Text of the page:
Alien Predators Are More Dangerous Than Native Predators

Introduced predators such as foxes and cats are twice as deadly as native predators to Australia's unique native animals, a new study has found.
The new finding, published this week in the prestigious journal Proceedings of the Royal Society B, is the first confirmation of what has been a long-held hypothesis among scientists.
It also highlights the heavy continuing impact of these predators long after their introduction and that Australia's fauna has been among the hardest hit in the world.
Experts believe that introduced "alien" predators are more dangerous than native predators because their prey, such as numbats and bettongs, are naïve to the hunting tactics of alien predators.

Maui man, 74, saves seabird colony

For most of his 74 years, Isao Nakagawa considered Hawea Point in Kapalua as simply a good place to catch bait fish, not as nesting habitat for wedge-tailed shearwaters.
Then, about seven years ago, he discovered the aftermath of a massacre at the dwindling seabird colony.
"One day I found 22 dead birds. That really got me. I couldn't stand it," said Nakagawa, a retired shop supervisor for Maui Land & Pineapple Co.'s Honolua plantation.
The marauders were cats or dogs, and Nakagawa was moved to launched a one-man campaign to remove predators from the area and protect the shearwaters, which spend most of their lives on the open ocean, coming ashore in late March and April to nest in burrows in the sandy soil and rocky crevices, and between the roots of ironwood trees.

Monday, March 12, 2007

Mandatory spay/neuter bill upsets dog, cat breeders

The pet breeders are concerned for their profits, but this may help protect our wildlife. I think it may be a good start.

Breeders of domestic pets are howling mad over a bill that would require all dogs and cats in California to be spayed or neutered unless they are registered purebreds and have special, government-issued permits.
The main goal of AB1634 is to combat the overpopulation of stray pets -- a problem that forces cities like Los Angeles to spend millions of dollars to expand and build new animal shelters, said the bill's author, Assemblyman Lloyd Levine, D-Van Nuys. Shelters euthanize nearly half a million dogs and cats every year, he said.
"We simply have a huge problem in the state with pet overpopulation," Levine said. "I can't tell you how many people have complained to me about cats defecating in their yards, flowerbeds ... and in sandboxes where kids play. It's a huge public safety and public health issue."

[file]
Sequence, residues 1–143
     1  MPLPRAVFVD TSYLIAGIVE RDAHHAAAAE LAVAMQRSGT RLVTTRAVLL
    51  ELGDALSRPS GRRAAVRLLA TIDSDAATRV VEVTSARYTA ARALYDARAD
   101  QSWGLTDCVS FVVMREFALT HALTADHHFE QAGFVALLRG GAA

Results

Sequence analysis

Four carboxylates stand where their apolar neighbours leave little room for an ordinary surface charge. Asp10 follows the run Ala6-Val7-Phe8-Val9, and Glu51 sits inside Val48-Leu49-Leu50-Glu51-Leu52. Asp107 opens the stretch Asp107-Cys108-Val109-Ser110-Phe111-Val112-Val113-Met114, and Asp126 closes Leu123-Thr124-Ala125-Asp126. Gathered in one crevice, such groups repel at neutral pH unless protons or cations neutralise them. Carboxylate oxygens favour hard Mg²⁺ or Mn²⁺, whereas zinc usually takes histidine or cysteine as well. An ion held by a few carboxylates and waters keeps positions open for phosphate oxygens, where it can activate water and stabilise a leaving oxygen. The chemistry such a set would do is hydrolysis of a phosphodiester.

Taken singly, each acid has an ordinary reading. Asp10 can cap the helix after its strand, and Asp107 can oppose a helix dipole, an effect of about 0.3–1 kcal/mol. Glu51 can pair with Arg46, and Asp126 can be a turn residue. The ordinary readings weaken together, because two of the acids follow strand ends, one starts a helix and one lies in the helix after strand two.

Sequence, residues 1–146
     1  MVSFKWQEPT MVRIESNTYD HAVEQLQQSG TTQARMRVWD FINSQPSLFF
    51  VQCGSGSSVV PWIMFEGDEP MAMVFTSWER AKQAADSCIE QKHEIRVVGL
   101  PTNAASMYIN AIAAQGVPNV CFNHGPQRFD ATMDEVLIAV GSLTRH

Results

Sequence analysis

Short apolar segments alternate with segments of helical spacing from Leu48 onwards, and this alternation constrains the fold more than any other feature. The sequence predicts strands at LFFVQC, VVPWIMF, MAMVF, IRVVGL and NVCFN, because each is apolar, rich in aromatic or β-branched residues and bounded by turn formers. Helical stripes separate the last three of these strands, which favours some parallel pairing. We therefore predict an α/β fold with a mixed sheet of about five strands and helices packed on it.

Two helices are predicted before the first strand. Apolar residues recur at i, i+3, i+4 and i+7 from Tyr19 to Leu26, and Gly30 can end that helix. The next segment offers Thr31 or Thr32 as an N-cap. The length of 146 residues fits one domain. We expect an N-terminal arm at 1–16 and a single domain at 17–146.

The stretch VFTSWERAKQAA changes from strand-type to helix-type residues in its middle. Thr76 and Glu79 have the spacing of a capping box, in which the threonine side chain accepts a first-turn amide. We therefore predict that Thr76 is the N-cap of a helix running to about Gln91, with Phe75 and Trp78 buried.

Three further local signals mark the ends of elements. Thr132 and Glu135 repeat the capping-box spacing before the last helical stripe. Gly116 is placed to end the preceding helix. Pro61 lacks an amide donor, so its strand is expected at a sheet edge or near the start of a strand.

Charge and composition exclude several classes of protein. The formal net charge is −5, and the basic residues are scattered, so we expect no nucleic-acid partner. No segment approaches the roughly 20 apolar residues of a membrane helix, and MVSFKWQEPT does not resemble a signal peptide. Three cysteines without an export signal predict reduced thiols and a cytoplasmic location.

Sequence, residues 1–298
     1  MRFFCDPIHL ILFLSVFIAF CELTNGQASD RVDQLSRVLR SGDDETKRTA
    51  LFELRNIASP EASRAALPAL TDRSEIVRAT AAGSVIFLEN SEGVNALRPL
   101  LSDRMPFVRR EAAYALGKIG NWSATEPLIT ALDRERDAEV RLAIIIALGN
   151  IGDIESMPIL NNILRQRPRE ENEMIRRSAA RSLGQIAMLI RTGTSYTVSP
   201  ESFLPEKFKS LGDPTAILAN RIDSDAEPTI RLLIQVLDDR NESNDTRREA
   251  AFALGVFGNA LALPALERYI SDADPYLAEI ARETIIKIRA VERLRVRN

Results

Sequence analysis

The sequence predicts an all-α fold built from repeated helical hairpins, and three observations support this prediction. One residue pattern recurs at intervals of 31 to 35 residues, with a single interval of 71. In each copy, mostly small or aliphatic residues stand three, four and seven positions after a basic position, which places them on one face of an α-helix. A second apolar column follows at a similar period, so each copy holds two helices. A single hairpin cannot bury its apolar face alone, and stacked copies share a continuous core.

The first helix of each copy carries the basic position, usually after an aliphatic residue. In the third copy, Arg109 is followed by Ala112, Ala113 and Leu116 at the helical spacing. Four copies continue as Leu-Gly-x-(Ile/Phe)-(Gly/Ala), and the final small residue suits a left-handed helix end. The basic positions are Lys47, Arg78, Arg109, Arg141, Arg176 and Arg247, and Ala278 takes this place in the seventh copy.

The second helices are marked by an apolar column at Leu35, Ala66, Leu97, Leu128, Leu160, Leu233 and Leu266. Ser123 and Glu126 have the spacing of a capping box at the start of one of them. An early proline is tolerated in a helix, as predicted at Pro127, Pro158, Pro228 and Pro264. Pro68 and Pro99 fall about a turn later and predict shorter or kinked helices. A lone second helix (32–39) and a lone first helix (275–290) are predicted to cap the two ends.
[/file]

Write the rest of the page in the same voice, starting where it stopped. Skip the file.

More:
Food For Ferals: Neri Cares For Cats Others Ignore

We don't ignore those cats. We know they are out there killing our wildlife, and defecating and spraying on our property!

I try to get him to give me more complete answer but “I just feel compelled” is the best I can get. Neri has spent an incredible amount of his time and money caring for what most people consider pests and a nuisance. He obviously enjoys it, but he also does it with the air of someone who doesn’t feel he has a choice.

Saturday, March 10, 2007

Kansas City WildLands Coalition

Any of you mid-westerners may wish to explore the Kansas City WildLands Coalition They are working proactively for our ecology. I especially appreciated this page Feral Cats- Overcoming Myths I received a most gracious letter from one of their hard-working people in response to a query, and wanted to return the kudos.

Feral cats like Pringles Chipotle Limon Potato Chips?

The one that invaded me seems to. I would never have guessed, but she wanted to see what I was eating and I gave her two. I called our local animal shelter and they said they should be able to find her an inside home, since she's so tame. That's why I've been taming her, and no, I still don't like cats.

Cat recovers from BB wounds, burn

Yeah, right, now reabandon it back into the wild to suffer some more and call it "compassionate" and "humane" treatment!
A Middletown animal rescuer found Mike the cat dragging his hind leg recently in the area of 15th Avenue and Minnesota Street.
The mostly black domestic shorthair cat was shot multiple times and several BBs were lodged all over his body. He smelled of urine and his testicles had been burned, said animal activist Deb Donley, when she found him three weeks ago.